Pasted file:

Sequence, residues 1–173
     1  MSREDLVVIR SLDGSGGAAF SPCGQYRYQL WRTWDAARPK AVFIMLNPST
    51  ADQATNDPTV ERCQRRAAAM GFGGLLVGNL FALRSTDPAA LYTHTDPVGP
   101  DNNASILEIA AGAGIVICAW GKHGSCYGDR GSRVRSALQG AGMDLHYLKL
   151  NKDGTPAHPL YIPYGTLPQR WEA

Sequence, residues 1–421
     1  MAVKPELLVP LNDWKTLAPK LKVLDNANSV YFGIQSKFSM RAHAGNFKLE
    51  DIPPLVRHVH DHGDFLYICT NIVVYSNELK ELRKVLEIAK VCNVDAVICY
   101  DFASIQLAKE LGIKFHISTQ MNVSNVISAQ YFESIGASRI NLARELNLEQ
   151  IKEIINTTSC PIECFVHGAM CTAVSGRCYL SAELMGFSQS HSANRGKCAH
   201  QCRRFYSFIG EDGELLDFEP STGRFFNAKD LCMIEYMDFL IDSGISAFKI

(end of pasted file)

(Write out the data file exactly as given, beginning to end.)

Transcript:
Sequence, residues 1–173
     1  MSREDLVVIR SLDGSGGAAF SPCGQYRYQL WRTWDAARPK AVFIMLNPST
    51  ADQATNDPTV ERCQRRAAAM GFGGLLVGNL FALRSTDPAA LYTHTDPVGP
   101  DNNASILEIA AGAGIVICAW GKHGSCYGDR GSRVRSALQG AGMDLHYLKL
   151  NKDGTPAHPL YIPYGTLPQR WEA

Sequence, residues 1–421
     1  MAVKPELLVP LNDWKTLAPK LKVLDNANSV YFGIQSKFSM RAHAGNFKLE
    51  DIPPLVRHVH DHGDFLYICT NIVVYSNELK ELRKVLEIAK VCNVDAVICY
   101  DFASIQLAKE LGIKFHISTQ MNVSNVISAQ YFESIGASRI NLARELNLEQ
   151  IKEIINTTSC PIECFVHGAM CTAVSGRCYL SAELMGFSQS HSANRGKCAH
   201  QCRRFYSFIG EDGELLDFEP STGRFFNAKD LCMIEYMDFL IDSGISAFKI